Outlook receives good news


Yakima County Sheriff Ken Irwin recognizes Petra Morales (L) and Anna Marie Dufault for their commitment to helping the community of Outlook.

OUTLOOK - The community of Outlook gathered last night for its monthly Stand Up for Outlook meeting and was told of several good things happening there.

Petra Morales, a Readiness to Learn Coach at Outlook Elementary School, has been working on behalf of the community to complete surveys of its residents. She said the survey came out with promising results.

"We went door-to-door to complete the surveys," said Morales, stating residents were posed the same questions on the survey last month as were given them in December 2009.

More than two years later residents were more positive about feelings of safety. Of those surveyed, the residents indicated they feel safer about leaving their homes and trusting their belongings would be safe.

During the daylight hours, residents of Outlook also feel better. They also feel better about allowing their children outdoors to play.

Answers did not, however, change much when posed the question about feeling safe walking down the street at night. And the community believes more recreational opportunities, including a park, are needed.

"We're still digging in there," Morales said of the efforts of the community to improve Outlook.

She said it is important that community members attend the Stand Up for Outlook meetings so they can better become acquainted with one another.

Yakima County Sheriff Ken Irwin also spoke about good news for Outlook citizens. He said last week there was a shooting, but four individuals were quickly apprehended in connection to that incident.

"Thank Deputy Jesse Rojas...he was out working with his drug dog when he spotted the suspects," said Irwin.

He said the shooting was targeted at a couple of the trailers that have been problem properties in Outlook.

Those trailers, said Irwin, are occupied by known gang members "and they are proud to fly their gang colors."

He said the Violent Crimes Task Force is working to alleviate the community of the problems associated with the trailers.

That has been a priority of the community, according to the sheriff.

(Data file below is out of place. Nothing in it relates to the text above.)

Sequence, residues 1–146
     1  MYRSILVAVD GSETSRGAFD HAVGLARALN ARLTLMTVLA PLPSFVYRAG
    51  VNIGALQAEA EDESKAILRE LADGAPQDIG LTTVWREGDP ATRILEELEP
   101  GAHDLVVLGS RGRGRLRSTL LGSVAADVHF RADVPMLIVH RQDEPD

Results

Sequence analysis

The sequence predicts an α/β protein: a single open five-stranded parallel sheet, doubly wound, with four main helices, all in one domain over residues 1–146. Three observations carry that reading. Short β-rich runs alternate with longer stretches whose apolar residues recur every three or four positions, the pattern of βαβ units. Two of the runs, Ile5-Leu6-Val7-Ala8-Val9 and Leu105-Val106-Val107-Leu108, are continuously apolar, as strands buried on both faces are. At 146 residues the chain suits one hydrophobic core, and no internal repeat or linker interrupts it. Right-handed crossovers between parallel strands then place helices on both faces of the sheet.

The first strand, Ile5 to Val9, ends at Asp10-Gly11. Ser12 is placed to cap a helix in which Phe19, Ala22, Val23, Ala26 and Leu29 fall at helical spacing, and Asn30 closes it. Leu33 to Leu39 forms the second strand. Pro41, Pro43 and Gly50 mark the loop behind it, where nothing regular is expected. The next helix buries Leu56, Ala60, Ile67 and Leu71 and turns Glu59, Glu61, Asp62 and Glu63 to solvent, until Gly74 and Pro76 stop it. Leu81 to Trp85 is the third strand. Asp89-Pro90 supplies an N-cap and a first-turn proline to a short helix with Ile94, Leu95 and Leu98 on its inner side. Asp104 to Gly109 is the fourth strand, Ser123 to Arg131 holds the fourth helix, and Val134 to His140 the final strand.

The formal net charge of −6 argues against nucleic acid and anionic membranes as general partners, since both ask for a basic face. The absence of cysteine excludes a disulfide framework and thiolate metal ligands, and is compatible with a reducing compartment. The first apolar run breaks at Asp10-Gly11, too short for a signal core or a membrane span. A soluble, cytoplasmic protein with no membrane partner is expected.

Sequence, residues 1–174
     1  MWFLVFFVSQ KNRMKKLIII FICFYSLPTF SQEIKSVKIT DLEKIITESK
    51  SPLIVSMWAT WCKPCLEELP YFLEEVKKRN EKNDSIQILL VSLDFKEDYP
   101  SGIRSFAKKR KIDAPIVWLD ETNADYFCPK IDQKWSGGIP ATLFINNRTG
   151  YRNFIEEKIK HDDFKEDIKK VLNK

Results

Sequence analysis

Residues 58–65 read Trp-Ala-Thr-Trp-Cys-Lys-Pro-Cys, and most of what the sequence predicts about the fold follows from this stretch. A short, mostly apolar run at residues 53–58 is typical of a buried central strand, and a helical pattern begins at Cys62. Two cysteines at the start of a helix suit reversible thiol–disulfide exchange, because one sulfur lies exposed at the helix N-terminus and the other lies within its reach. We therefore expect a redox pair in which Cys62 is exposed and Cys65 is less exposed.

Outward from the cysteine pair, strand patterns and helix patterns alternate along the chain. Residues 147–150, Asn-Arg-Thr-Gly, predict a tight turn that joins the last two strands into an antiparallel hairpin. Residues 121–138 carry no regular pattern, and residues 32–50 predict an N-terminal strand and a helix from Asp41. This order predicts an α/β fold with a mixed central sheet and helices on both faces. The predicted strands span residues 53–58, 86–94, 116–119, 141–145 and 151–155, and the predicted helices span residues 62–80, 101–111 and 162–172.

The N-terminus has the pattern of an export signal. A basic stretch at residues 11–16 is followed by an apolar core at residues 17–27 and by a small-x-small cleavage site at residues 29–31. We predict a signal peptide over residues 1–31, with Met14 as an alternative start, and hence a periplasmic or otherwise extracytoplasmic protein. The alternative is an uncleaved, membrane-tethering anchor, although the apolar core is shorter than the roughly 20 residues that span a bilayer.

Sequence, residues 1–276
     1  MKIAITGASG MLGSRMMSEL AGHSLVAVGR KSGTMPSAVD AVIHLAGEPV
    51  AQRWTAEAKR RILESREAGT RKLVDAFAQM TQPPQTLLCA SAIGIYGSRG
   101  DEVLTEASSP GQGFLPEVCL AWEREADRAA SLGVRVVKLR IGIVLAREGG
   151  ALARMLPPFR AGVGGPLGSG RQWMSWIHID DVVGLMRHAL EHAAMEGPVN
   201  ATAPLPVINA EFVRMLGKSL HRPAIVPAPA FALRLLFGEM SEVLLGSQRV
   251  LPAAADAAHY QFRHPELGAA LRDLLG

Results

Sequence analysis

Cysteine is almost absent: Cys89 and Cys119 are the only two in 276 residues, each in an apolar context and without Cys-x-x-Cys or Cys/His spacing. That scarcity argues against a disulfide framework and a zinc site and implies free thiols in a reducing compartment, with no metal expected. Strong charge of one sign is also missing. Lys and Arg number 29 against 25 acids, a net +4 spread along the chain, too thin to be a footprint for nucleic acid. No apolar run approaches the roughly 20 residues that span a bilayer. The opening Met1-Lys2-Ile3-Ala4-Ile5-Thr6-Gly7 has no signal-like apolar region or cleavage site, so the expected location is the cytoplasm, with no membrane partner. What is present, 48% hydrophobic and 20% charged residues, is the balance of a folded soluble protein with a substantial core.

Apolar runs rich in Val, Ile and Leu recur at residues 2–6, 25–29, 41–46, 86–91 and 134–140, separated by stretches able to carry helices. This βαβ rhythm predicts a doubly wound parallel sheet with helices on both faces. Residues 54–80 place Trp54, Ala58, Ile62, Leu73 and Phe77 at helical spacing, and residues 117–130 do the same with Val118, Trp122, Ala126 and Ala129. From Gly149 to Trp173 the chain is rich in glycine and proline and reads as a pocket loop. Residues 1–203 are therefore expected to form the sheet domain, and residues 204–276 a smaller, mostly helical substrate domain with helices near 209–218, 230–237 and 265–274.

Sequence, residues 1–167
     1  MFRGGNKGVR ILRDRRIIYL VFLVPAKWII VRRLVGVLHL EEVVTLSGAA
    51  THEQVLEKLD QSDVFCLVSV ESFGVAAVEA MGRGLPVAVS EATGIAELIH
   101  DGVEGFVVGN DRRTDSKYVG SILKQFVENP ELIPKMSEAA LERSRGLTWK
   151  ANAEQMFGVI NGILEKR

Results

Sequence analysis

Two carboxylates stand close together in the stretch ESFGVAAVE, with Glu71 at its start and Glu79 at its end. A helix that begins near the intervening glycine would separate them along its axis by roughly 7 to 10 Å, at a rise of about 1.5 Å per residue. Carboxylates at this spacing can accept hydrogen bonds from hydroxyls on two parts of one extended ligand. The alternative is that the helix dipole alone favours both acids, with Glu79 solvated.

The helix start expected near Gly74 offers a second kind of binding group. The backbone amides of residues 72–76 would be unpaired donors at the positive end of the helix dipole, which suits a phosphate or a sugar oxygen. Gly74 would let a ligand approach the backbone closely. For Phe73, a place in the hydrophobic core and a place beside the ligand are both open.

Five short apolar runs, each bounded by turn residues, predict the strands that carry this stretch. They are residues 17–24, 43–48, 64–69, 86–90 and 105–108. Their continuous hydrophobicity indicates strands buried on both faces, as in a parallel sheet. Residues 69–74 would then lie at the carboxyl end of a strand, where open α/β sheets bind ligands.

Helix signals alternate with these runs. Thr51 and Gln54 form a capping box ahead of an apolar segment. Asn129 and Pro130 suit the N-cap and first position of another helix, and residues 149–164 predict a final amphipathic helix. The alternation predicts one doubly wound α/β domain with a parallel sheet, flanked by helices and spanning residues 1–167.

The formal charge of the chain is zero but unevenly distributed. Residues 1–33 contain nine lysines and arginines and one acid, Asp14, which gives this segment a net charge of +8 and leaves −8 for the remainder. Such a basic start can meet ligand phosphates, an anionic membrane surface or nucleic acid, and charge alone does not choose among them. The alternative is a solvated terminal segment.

He said another issue the community members have expressed concern about is the number of dogs running loose.

Irwin said animal control has been alerted to the issue and has placed an emphasis on picking up as many dogs as possible.

He advised those gathered that they can be fined if they allow their dogs to roam freely.

Morales said the community has also been concerned about graffiti and gains have been made in an effort to clean it up.

One home has been a particular target and was recently purchased by a family that did not know its rights and how to respond to the problem. Morales has been working with the family who is eager to paint over the graffiti.

She purchased some paint and brushes to help the family get started.

As for activities, Morales told those gathered there are many opportunities for the community's children to enjoy themselves in after-school events at Outlook Elementary School. Also, the Stand Up for Outlook group has organized a basketball camp Monday through Wednesday, April 4-6.

Morales said more than 150 children are already signed up for the camp and local businesses like Subway, Domino's, Fiesta Foods and KFC have donated meals so the youngsters can have lunch.

She then asked the community if it was interested in having a clean-up event. She said it is important for the community to be a clean place to live.

Irwin spoke again. He said, "We'll (the Yakima County Sheriff's Office) take care of the gangs, you can take care of (the garbage) around your house."

He said clean properties imply the property owner cares about safety and appearances in the community.

Irwin was frank with those gathered. He said deputies see a property owner's concern for the property. That makes the deputies more apt to look out for the property owners' interests.

The next Stand Up for Outlook community meeting is scheduled for Monday, April 25. A potluck dinner at 6 p.m. precedes the 6:30 p.m. meeting. Anyone is invited to attend the free event.


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